When we stop for a moment to look at the seniors and the elderly in our community—and with 20 per cent of the Richmond population aged over 65 these are people whom I speak to on a daily basis—we should realise that, after the lives they have lived, they deserve not only our respect but also the right to proper services. They are people who have worked and contributed to society, and keep contributing in the very valuable community work that they do. But they face so many problems. Many of them move to areas like Richmond, often away from their families. They often suffer a degree of depression and isolation because it is difficult for them sometimes to access community contacts if their families are living in faraway places. If one spouse becomes ill, they are in the situation where they have difficulty in accessing health care. So it was greatly disappointing that there were no measures to improve the provision of bulk-billing, particularly in an area like Richmond.

Another major area of concern is dental health. I am extremely disappointed that there is nothing in the budget for dental health. I am disappointed for a number of reasons. Under section 51 the Constitution it is in fact a Commonwealth responsibility, but the government scrapped the $100 million a year Commonwealth dental scheme in 1997. Just over a month ago, I started a petition calling on the federal government to restore federal funding to dental care because it is a major issue within the community that people approach me about constantly.

More than 4,000 people in Richmond have signed the petition because they feel so strongly about this issue and they want so much to have federal funding restored to dental health. Recently the Leader of the Opposition was in Richmond where he met with three locals who have been on the waiting list for dental health. He met with Norm Masters, Jill Wainwright and Allan Green. Norm Masters is a lovely fellow. He has been waiting for more than two years to have his dentures repaired. He has been living in pain. He cannot eat properly and he experiences quite severe degrees of pain at times. Often when he is speaking, the dentures that he had put in fall out. Obviously, apart from the pain, there is also embarrassment. As I say, he has been waiting for over two years to have his dentures fixed. It is an outrageous situation when people have to live in pain and with embarrassment and shame.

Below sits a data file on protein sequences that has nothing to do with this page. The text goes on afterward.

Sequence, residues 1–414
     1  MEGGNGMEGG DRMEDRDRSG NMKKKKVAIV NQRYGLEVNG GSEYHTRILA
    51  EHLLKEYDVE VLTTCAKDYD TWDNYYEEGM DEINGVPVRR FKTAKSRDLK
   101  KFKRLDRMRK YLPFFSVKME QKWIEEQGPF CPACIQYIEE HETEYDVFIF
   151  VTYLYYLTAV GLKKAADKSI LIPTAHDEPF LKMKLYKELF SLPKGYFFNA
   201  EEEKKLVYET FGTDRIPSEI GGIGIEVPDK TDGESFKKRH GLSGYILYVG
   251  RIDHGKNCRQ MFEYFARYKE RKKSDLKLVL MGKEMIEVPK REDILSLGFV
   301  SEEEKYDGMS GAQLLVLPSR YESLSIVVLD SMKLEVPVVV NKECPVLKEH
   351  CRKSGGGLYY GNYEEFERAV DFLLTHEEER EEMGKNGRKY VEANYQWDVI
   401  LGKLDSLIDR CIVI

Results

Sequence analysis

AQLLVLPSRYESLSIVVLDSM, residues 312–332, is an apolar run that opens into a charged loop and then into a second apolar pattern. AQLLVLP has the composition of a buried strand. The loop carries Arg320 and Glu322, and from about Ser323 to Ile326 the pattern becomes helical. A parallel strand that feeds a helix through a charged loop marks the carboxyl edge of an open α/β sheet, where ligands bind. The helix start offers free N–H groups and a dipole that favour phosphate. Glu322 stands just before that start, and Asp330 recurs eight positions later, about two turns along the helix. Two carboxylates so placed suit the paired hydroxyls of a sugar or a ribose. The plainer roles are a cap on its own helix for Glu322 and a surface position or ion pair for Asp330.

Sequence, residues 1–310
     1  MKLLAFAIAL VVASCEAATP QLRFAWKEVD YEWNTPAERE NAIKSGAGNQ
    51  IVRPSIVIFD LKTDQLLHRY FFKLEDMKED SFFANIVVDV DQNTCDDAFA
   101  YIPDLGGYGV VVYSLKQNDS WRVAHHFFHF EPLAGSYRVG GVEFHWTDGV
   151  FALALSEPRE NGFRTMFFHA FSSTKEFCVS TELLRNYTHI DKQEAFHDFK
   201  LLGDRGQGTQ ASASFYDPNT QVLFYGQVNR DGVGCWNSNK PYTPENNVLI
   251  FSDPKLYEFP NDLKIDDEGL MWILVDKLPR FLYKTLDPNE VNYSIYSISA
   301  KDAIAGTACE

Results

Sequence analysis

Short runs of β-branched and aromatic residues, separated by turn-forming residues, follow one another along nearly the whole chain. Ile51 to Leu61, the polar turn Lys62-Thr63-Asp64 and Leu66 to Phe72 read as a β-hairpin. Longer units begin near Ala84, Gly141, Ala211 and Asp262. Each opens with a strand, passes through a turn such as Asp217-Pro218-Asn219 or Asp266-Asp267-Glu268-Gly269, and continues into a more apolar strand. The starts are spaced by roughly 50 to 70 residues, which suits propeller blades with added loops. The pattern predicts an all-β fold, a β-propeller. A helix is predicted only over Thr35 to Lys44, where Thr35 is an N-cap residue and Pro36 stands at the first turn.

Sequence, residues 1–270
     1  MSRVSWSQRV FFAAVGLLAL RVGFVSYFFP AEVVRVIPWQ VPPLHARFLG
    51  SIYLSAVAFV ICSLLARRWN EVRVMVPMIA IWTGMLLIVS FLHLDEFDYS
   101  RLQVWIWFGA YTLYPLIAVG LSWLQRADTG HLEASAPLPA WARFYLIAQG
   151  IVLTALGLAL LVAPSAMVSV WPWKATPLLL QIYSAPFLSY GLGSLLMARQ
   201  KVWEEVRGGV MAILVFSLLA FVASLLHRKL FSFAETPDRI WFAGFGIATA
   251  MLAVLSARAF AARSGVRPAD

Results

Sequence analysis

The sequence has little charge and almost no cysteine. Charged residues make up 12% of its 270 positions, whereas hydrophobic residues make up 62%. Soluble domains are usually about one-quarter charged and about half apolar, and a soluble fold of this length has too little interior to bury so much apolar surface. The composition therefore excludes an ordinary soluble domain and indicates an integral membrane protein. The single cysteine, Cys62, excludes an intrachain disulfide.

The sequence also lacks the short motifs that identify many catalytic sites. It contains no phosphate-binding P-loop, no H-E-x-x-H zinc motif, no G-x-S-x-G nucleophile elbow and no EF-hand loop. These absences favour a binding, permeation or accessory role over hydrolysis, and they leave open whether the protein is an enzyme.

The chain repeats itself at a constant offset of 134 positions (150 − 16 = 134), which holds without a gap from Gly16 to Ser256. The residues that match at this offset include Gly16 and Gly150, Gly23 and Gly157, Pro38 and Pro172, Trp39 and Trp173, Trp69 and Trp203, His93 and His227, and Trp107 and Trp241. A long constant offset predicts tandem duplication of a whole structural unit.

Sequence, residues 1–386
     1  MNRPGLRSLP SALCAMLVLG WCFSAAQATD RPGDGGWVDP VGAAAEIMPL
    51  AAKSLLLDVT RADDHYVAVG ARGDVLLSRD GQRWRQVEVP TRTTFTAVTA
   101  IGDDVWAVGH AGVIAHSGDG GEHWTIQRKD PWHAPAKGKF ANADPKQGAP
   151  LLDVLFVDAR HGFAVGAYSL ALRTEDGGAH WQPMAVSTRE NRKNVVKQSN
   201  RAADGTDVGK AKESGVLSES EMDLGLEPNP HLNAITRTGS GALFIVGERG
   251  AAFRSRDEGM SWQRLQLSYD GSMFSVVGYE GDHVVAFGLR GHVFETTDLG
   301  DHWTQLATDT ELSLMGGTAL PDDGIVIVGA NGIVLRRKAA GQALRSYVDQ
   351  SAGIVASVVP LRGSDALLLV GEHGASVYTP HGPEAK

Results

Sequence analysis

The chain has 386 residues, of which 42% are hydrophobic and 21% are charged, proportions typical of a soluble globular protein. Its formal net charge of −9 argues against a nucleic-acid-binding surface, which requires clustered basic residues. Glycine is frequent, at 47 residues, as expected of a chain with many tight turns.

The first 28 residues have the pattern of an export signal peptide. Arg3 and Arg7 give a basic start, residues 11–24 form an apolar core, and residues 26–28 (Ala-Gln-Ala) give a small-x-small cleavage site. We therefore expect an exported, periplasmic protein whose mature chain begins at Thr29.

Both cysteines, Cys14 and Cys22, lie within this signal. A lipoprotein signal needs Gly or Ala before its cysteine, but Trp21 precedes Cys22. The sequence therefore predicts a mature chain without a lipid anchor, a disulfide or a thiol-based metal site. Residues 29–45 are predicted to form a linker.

Jill Wainwright was another whom the Leader of the Opposition met with. Jill has a broken tooth and has basically given up on accessing the public dental scheme after two years on the waiting list. It will cost her about $800 to get her tooth fixed. Jill’s story is a very common one. People do end up just giving up because they cannot wait any longer. In fact, an 80-year-old woman told me recently that she is waiting to get dentures, and she said, ‘I think I’ll be dead before I get my dentures.’ She meant that, and it is an expression I hear from elderly people quite often.

Another person the Leader of the Opposition met with was Allan Green. It has cost Allan Green about $6,000 in dental care because he too gave up after waiting for a long time. These people have been able to afford that care but so many people cannot, and so they have given up and do not get their teeth fixed. When it comes to talking about dental care, it is not just about having your mouth in pain, being unable to eat or being distressed but also about how it affects your overall health. That your dental care does affect your overall health has been acknowledged on many occasions by the medical profession. So it is outrageous that we do not have the federal funding for the dental scheme to ensure that we can prevent a lot of illnesses, in terms of people’s overall health, that are caused by decaying teeth.

The minister for health has said in relation to Labor’s dental health scheme:

The Keating government’s program did reduce waiting times, no doubt about that.

If he has acknowledged that, why doesn’t he restore the funding? Why doesn’t he make sure that these elderly people do not have to wait in pain? This is a situation that I am sure exists across Australia. I have heard many people speak about it. It is a major issue in my electorate because of its large number of elderly people. That is the reason why, at this stage, we have had 4,000 people sign the petition, and more people are coming forward every day to sign it.

There are about only 240 public dentists to cater for more than 2.5 million health care card holders, children and the elderly. This compares with more than 3,000 private dentists to treat the rest of the population. I know the federal government will blame the states, but it is time to stop the buck-passing and fix the problem. It is a constitutional responsibility of the federal government; it is obligated to provide the funding for dental care and it is not meeting that obligation. I was very disappointed that dental care was not mentioned at all in the budget because it is a major concern for my electorate, as I am sure it is for all electorates across the country, particularly as our population ages. So I will keep calling upon the minister for health to restore that federal funding.